Sunday, August 13, 2017

Lets Get Lost – from Den Haag to Amsterdam to Home – August 3

Chet's last resting place at our hotel in Amsterdam.

Caroline in Den Haag, number two at Mauritshuis.

Let's get lost
Lost in each other's arms
Let's get lost
Let them send out alarms
And though they'll think us rather rude
Let's tell the world we're in that crazy mood
Lets get lost – Chet Baker

We woke up in perfect quiet.  Looking out the window at the sky, we drank coffee knowing the next day we would be rushing to catch a 915 AM flight to the USA.  This would be our last quiet moment for a while and we all knew it.  So we sat in bed and listened to the waves and seagulls, looking at the birds fly in the distance. Birds seem to be everywhere here.  The sound of the water soothes in countless ways. So, we let it soothe and calm us, before the last day of the journey began.
By 9 AM, I ran down to the beach, jogging with the birds and dog walkers.  Clouds filled the sky but it didn’t matter. The water and sand felt refreshing on my feet.  The day before I worked through my next story on the beach.  Contracts for a novel and a memoir secured as we hiked, it had already been a productive summer.  And the next year would be time to write and breathe and enjoy.  Stories give my life purpose.  There always has to be a next chapter.  When I can’t find one, I imagine walking out into the waves and oblivion, going back to the sea.
When I have another chapter to write and live, it feels worthwhile and purposeful. Its an odd feeling going home to being a full professor.  There are no more steps to climb, just more living to do.  So I’m writing my novel and stories, teaching and bringing up kids and organizing.  In between all that we had one last day to travel before our seven weeks on the road would end.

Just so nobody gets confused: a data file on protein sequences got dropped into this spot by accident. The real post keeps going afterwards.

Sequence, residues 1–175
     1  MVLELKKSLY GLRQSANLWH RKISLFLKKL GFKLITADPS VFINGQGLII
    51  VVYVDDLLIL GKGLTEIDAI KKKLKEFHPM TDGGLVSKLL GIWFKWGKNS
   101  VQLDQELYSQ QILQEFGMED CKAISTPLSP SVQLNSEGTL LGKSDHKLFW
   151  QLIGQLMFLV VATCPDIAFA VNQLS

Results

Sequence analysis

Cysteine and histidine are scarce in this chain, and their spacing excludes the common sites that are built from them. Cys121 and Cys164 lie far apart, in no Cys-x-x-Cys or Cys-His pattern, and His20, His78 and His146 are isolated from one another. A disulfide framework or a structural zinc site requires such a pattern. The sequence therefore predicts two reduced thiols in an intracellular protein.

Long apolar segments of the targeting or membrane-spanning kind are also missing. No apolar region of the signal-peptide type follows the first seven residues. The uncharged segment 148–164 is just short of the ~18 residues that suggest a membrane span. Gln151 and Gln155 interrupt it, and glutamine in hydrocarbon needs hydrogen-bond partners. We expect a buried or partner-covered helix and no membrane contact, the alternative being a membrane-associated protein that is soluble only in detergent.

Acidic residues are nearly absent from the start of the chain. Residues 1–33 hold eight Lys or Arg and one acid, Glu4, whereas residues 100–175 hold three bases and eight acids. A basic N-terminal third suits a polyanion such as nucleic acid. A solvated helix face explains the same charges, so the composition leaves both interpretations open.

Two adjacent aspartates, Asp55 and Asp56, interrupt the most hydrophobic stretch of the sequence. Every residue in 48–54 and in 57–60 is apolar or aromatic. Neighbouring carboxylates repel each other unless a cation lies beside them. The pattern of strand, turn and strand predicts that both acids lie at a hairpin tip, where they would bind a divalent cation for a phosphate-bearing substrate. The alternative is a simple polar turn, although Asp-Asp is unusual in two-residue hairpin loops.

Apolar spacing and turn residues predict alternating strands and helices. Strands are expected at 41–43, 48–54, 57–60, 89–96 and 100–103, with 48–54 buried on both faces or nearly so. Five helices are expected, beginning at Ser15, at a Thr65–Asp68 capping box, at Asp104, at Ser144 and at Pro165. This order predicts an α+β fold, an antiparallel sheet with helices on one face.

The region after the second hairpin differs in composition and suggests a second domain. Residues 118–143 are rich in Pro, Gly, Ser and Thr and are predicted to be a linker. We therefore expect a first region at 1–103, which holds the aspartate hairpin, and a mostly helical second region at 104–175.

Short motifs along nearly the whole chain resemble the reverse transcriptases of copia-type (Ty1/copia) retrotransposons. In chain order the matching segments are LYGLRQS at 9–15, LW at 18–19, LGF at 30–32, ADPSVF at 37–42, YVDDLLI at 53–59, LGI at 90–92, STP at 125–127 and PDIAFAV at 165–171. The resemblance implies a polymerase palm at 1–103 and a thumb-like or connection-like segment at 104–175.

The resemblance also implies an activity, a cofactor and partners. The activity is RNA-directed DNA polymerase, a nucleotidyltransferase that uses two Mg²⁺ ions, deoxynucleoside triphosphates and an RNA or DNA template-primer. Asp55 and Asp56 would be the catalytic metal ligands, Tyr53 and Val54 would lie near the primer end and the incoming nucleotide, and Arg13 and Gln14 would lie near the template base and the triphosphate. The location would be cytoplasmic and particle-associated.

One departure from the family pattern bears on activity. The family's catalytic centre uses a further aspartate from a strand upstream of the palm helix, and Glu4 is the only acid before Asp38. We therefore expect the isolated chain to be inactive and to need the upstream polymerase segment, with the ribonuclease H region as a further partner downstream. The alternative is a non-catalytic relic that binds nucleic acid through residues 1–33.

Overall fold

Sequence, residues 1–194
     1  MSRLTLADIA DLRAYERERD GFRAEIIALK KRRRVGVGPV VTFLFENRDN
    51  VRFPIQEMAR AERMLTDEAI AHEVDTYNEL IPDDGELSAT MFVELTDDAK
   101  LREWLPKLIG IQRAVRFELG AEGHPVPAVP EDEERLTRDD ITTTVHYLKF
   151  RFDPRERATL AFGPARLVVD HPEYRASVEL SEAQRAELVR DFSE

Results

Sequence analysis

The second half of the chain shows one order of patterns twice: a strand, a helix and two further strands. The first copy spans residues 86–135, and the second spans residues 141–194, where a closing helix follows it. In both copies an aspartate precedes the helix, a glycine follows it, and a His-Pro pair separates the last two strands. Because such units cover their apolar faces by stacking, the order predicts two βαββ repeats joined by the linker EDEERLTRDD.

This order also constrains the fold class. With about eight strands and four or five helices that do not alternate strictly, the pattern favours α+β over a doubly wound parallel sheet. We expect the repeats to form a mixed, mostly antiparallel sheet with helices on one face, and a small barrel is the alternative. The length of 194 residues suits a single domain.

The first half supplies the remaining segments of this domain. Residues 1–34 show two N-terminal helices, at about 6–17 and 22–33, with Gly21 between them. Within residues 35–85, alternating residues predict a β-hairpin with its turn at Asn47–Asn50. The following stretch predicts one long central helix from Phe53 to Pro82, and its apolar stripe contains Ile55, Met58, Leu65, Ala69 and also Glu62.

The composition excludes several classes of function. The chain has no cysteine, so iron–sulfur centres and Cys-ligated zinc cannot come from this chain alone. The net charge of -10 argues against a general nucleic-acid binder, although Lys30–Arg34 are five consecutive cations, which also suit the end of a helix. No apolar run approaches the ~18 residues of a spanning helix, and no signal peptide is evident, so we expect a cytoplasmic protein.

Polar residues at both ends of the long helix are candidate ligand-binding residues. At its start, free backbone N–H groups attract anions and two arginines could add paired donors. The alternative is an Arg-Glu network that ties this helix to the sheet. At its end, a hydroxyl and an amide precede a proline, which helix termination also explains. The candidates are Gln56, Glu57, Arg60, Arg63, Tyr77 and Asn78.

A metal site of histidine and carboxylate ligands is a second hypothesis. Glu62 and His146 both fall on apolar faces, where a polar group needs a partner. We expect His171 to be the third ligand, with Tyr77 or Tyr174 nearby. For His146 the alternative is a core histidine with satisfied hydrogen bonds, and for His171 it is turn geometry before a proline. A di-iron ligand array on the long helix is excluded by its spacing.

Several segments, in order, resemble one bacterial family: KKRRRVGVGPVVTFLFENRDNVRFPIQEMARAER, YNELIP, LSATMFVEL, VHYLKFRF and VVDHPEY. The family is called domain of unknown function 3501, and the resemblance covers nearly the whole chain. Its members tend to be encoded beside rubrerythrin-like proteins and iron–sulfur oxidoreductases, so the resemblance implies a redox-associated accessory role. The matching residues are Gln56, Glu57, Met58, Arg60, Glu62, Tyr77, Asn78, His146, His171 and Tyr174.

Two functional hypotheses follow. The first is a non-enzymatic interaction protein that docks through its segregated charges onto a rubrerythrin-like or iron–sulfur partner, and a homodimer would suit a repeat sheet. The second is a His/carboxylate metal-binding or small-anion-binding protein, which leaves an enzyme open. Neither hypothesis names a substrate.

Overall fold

So everyone packed our backpacks, now weighed down with post-hiking spoils from our trail across France, Austria, Hungry, Poland, Czech Republic, and Holland.
Before we headed out, we went back to the beach for a breakfast at a beach restaurant called Patagonia.  A fire was burning, the place had a rustic vibe.
“Are you guys hikers?” the our waiter asked, greeting us.
“Where have you been?”
We chatted for a while.  He told us, he’d just finished the Santa Cruz trail in Peru and recommended it highly.  His other favorite in Chile.
“Could the kids do those?”
“Easily,” he continued. “Only a five-day hike.”
There is a world of places to visit. This is our last trip to Europe for a while so we’ve really enjoyed it.
It is time for something different – Asia, Latin America, Africa – there are so many other places we need to explore, so many other beaches to enjoy.
Finishing, we made our way to Mauritshuis, a museum in the Hague for one more afternoon of the Dutch Masters, Vermeer, Rembrandt, Jan Steen, the museum was teeming with gems. My favorites were by William van Haecht and Henrick Avercamp.
Number two and I walked together, chatting about the art and her novel about Sesi, the reluctant queen of the Austro Hungarian Empire.
And kept on moving, strolling through the Hague and grabbing the next train for a final night in Amsterdam.
Caroline had booked us a room at the Prins Hendricks, a hotel across from the Central Station and St Nichols Church.  Walking in, I saw several photographs of the jazz musician Chet Baker and a plaque.  I started to put the pieces together.
“Why all the Chet Baker stuff?” I asked.
“Walk outside with me,” smiled one of the hotel staff finishing his shift.